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Thread: Flamethrower pics

  1. #1
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    Default Flamethrower pics

    Here are 19 vintage pics of flamethrowers from different countries. Some shown in training - others appear to be in actual combat. SW

    http://ifun.ru/view/108691
    Last edited by 5thDragoons; 11-26-2009 at 10:50 AM. Reason: grammar
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    Clyde is offline Gold Bullet Member and Noted Curmudgeon
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    Never wanted to be around those things - dangerous and cantankerous.
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    In '69, a Russian LPO 50 flame thrower was found in a cache in extreme northwestern Quang Tri province. Not a pleasant thing to contemplate. SW
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    In the early days one SF camp was over run by badguys with flame throwers.
    There were also some other incidents.

    I scrounged up a crated US model we used to burn brush in our wire.
    Messy, complicated, and scary as all get out.
    We finally ran out of the igniter thingies.

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    Musta took a different kind of breed to carry one of those around. Cool pics.
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    I've seen pictures somewhere (not on web - though I don't doubt it is by now) of the results of flamethrowers in action. A couple of people fleeing positions after being hit. People wrapped in jellied gas and running aren't pleasant. And one of a guy who was carrying one and was hit by small arms. rupturing the tank - and igniting the contents. I wouldn't call that a good way to buy a farm (there are no "good ways", but that would be worse than most).
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    And yet, I don't think flamethrowers are regulated by the ATF! I can't think of a much more "destructive device"!:eek:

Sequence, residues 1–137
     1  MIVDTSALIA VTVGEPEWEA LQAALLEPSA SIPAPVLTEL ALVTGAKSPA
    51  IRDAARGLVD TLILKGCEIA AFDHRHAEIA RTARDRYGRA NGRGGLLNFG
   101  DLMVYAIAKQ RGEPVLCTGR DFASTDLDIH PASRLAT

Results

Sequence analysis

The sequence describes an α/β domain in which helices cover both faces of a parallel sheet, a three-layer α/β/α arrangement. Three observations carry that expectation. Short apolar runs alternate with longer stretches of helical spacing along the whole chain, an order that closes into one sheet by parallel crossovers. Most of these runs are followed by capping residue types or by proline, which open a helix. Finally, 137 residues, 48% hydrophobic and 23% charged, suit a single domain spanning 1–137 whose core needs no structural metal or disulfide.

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    Quote Originally Posted by 5thDragoons View Post
    In '69, a Russian LPO 50 flame thrower was found in a cache in extreme northwestern Quang Tri province. Not a pleasant thing to contemplate. SW
    I have heard of Russian flame throwers being brought back from Vietnam, but I never saw one in person. Here's a generic photo of an LPO 50 that I found on the internet:
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    I spoke with someone who was at that cache which had been ratted out by a "chu hoi". He said there was a cylinder of compressed gas that generated a lot of interest - it was completely different from the flamethrower cylinders, he said. Claimed it was taken out by itself on a helicopter.

    Poison gas? We will never know now, so I just consider it an interesting "war story". SW
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    Most of the time a flame thrower won't go up in an explosion of flames if hit by a rifle bullet, unless it is a tracer (possibly) ....
    It took quite a bit of spark from the "match" at the end of the tube to ignite that stuff !!
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    The photos I saw (series of stills from a movie shot by a combat cameraman, it appeared) showed a guy flaming a target when the tank was hit and ruptured, with the fuel then spraying around and ignited by the drips from the flame rod (which of course immediately stopped being ejected when the pressure was lost). Not nice, but fascinating in a horrid way.
    Last edited by Clyde; 12-01-2009 at 04:13 PM.
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    What happened to the post I submitted with the 2 pictures of the flamethrower being demonstrated & why?
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    hello?
    Echo,
    echo
    Tip from an archaeologist to a collector: "If it actually says 'B.C.' right on it, it's probably fake"!

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